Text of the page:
Louisiana's 'Cajuns': French Acadians of The South
James Dormon continues our America and the Americas series with a look at the growth of a group of 17th-century settlers in Nova Scotia.
This is the forest primeval; but where are the hearts that beneath it Leaped like the roe, when he hears in the woodland the voice of the huntsman Where is the thatch-roofed village, the home of the Acadian farmers - Men whose lives glided on like rivers that water the woodlands, Darkened by shadows of earth, but reflecting an image of heaven?
Evangeline. A Tale of Acadie (1847)
The question was posed by the American poet Henry Wadsworth Longfellow: Where were the Acadians? He then answered the question in his epic Tale of Acadie. The story he told was based in history; although poetic licence enabled Longfellow to shape his tale to the demands of dramatic narrative, the tale is in its primary contours essentially true. Evangeline (or her real-life prototype) was an Acadian, of course, but the story of her people continues long beyond the conclusion of her ill-fated search for her lost lover. It is the story of a group of people; French-speaking Catholics, farmers, fishermen, hunters, essentially a peasant folk whose forebears had arrived originally from the west-central French provinces to colonise 'Acadie' – now Nova Scotia – as early as 1604.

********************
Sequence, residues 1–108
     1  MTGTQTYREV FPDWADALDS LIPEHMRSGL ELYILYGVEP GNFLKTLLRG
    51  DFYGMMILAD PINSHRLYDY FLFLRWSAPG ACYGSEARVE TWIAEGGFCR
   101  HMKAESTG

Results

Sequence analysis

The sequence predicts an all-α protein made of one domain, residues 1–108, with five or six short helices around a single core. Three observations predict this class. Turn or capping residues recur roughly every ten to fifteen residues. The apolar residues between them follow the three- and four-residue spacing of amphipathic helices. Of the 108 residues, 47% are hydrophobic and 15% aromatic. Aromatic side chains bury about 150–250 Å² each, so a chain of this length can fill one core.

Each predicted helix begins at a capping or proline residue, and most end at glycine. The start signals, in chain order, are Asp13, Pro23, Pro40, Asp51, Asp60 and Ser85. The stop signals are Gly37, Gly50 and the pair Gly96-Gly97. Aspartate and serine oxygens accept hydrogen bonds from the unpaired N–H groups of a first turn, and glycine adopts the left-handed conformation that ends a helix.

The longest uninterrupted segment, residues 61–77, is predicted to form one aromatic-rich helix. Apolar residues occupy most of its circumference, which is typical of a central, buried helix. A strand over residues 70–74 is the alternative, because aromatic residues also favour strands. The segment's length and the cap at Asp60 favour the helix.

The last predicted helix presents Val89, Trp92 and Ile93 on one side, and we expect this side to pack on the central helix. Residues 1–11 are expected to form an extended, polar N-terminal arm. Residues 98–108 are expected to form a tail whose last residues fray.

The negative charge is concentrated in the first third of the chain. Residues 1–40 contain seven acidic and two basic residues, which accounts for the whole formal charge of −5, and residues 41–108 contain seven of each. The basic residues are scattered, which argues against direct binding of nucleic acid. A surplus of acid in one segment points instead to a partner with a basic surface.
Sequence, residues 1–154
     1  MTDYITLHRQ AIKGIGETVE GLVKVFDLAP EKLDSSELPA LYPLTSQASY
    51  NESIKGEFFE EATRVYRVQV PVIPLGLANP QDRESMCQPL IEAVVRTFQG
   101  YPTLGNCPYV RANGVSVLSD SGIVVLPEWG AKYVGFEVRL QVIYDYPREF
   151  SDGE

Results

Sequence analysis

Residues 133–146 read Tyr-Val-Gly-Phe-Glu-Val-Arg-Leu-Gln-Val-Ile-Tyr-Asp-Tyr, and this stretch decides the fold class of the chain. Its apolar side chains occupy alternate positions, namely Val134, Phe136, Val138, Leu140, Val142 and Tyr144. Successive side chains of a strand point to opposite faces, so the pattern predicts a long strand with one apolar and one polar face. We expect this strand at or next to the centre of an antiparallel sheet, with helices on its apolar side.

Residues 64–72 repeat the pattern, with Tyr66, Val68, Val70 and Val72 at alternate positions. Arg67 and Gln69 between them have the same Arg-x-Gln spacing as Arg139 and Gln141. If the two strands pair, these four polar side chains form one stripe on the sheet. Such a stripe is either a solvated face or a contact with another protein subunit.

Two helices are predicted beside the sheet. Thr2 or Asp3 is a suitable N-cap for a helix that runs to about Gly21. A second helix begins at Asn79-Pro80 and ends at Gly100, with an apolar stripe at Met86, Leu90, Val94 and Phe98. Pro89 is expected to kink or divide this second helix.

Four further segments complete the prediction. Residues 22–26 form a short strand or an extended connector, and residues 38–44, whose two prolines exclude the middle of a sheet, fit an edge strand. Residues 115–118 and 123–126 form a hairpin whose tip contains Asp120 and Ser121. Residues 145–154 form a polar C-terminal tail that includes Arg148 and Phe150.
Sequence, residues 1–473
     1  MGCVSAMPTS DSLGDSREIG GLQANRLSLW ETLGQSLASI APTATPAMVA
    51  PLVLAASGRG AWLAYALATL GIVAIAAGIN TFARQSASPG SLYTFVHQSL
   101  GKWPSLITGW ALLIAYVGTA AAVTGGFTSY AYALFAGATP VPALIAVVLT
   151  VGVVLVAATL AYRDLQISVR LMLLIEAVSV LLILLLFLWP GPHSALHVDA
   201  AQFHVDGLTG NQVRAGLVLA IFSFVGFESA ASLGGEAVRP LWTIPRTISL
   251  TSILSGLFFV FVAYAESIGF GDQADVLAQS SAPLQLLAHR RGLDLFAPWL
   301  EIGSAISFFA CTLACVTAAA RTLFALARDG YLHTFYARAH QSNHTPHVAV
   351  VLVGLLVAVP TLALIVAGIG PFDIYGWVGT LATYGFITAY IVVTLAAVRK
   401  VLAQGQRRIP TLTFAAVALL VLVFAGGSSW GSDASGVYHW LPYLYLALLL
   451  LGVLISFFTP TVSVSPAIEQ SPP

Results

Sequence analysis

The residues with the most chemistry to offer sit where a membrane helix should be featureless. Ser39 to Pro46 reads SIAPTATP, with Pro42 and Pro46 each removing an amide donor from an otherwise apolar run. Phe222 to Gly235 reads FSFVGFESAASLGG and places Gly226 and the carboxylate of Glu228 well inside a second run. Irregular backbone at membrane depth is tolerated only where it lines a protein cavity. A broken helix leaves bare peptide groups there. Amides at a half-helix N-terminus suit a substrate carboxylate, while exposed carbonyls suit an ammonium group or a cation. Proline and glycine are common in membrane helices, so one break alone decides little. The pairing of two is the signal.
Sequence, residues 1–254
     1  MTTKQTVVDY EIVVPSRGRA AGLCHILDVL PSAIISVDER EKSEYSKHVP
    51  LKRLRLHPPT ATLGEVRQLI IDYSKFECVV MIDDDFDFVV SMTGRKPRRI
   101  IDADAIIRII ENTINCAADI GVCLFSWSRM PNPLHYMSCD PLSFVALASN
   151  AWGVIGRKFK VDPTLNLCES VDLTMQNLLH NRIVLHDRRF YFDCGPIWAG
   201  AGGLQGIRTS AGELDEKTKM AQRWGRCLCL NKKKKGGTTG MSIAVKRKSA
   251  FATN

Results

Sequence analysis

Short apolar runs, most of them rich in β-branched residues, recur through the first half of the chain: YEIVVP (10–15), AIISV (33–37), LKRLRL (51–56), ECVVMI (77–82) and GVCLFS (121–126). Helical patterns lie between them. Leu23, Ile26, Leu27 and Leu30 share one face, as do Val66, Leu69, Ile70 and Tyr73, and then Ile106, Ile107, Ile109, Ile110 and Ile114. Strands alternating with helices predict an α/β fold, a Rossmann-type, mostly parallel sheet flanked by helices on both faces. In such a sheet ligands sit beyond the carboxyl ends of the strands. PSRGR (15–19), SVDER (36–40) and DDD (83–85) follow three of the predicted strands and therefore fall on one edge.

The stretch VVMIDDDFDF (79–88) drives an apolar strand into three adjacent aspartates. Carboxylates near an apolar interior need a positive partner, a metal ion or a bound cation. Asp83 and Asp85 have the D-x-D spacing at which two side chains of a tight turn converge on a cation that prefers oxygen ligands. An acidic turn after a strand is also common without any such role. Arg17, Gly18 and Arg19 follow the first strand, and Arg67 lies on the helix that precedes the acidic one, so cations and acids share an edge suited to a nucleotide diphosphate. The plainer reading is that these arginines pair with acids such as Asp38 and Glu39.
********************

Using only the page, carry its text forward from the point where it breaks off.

By 1650 the initial groups of settlers, augmented by the arrival of new colonists and by natural increase, had dispersed into village communities along the shores of the Baie Franqoise (Bay of Fundy) and on the interior waterways of the Minas Basin. An independent and self-sufficient people, they sought their subsistence and developed their patterns of life relatively unhampered by French colonial officialdom based at Port Royal (Annapolis Royal) and at Louisbourg on Cape Breton.